Manna and quails were the food with which they were supplied. Of the first named, much has been written; and those reluctant to find a miracle in any thing have labored to prove that it is a gum that exudes, at this day, from the punctures made by insects in the twigs of the tamarisk plant. This gum, however, which is but in small quantities, by no means answers the description given of the manna; and even if it did, it would not relieve the advocate of exclusive natural causes from his difficulty. For there would still be a great deal that is miraculous left: thus, the gum is yielded but six weeks in the year, but the manna was afforded constantly for forty years: a double supply came every Friday regularly, to compensate for its absence on the next day, the Sabbath. That collected on Friday would remain uncorrupted two days, while that gathered on any other day in the week, if kept to the next day, invariably became offensive, and unfit for use. To this there was made but one exception, and that a remarkable one, in the quantity that was preserved and laid up as a memorial, after the necessity for its use as food had ceased. Again, the gum is found under and about the tree from which it falls, the manna was showered down through the whole encampment of the Hebrews. If, therefore, the product of the tamarisk and the manna of the Israelites were the same article, we are obliged to admit a number of miraculous circumstances quite as strange as any recorded in the story of the Pentateuch. We must acknowledge a miracle, even if natural causes be invoked, or reject the account altogether. There is no other alternative. This manna, unlike the gum of the tamarisk, could be pounded to powder, and baked as bread. That the Israelites knew how to bake will not be doubted.

Indeed, that it was no natural production, and that the Israelites actually knew nothing about it, when they first saw it, is proved by their inquiring what it was, and by the very name bestowed on it. Josephus tells us that man is a particle of interrogation, and the Septuagint so understands it. When the Israelites, therefore, said to one another, "What is it?" (man-hu ?) they unconsciously bestowed on it a name which proved their entire ignorance of its nature.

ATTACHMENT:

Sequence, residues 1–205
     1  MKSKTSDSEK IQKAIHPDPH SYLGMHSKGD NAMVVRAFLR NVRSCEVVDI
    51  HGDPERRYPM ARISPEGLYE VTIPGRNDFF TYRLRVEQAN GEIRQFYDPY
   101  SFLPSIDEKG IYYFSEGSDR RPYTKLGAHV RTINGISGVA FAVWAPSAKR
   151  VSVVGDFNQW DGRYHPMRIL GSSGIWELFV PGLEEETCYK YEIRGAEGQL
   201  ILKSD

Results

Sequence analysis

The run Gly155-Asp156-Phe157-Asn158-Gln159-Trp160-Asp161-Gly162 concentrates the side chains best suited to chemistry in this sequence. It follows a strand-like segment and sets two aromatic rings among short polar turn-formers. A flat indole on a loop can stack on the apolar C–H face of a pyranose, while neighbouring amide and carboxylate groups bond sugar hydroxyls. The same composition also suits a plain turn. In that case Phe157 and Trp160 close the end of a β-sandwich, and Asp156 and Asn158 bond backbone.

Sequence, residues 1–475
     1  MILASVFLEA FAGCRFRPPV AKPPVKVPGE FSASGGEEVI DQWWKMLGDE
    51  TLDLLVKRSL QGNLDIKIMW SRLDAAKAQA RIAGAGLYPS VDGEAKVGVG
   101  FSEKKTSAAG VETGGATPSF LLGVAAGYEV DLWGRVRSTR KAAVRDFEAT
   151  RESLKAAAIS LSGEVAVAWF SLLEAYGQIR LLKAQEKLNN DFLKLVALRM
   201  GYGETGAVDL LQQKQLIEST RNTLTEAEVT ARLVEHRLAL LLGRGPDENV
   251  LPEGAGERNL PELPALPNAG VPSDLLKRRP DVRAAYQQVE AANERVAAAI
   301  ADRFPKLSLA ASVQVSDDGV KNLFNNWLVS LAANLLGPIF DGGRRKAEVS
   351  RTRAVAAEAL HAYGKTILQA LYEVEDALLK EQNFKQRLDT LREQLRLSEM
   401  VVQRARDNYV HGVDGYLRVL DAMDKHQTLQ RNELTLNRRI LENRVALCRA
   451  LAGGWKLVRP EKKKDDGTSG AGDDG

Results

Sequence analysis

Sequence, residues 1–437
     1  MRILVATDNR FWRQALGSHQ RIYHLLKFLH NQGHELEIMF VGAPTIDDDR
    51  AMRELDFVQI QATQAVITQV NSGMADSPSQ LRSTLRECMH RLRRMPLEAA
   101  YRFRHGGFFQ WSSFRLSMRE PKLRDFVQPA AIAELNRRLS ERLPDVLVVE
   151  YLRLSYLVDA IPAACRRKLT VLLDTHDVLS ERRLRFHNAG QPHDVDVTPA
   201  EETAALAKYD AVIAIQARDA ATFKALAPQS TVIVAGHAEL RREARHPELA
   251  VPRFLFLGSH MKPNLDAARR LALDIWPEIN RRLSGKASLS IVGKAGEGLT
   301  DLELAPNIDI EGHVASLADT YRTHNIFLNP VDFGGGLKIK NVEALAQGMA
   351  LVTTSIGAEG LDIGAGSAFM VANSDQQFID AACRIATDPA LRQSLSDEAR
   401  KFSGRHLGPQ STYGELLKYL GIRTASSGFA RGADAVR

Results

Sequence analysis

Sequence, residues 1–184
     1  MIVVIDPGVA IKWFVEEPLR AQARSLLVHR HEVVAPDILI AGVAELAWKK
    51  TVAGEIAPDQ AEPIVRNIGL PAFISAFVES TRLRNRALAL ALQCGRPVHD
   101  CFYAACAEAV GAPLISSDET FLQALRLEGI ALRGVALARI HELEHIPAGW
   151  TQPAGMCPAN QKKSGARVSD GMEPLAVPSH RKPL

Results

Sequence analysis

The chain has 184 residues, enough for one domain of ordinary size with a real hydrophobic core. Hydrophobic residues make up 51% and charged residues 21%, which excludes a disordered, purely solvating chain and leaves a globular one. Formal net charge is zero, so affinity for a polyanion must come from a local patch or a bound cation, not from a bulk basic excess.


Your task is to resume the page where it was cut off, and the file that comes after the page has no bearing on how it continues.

Quails; Heb. Sclav.—The same bird is still to be seen in the Levant. It is a bird of passage, remarkable for its migratory habits, and flies in such flocks to and from Africa, across the Mediterranean, that more than one hundred thousand have been killed at Naples at one time. The monuments show that the Egyptians were skilful fowlers, and from them the Israelites learned the art of snaring birds. Poultry and feathered game were favorite articles of food in Egypt; and the quail, which was often preserved by salting for future use, was particularly esteemed. An extraordinary wind sending immense flocks of these birds at this time over the camp of the Israelites, furnished them with a species of flesh which they particularly esteemed. The time and the quantity made the supply out of the usual order of natural events. The Golden Calf of the Israelites.—This finds its illustration in Egyptian usages only. The points here to be examined are:

1. Had the Israelites skill to make such an image 1

2. Why make a calf?

3. Why dance and sing around it in their idolatrous worship?

4. How could Moses make the Israelites drink the dust of it?

As to the skill of the Israelites as workmen in metals, there can be no doubt. The Egyptians, among whom they lived, knew perfectly how to work in metals; and some of their beautiful productions may be handled even at the present day. The monuments, were there no other evidence,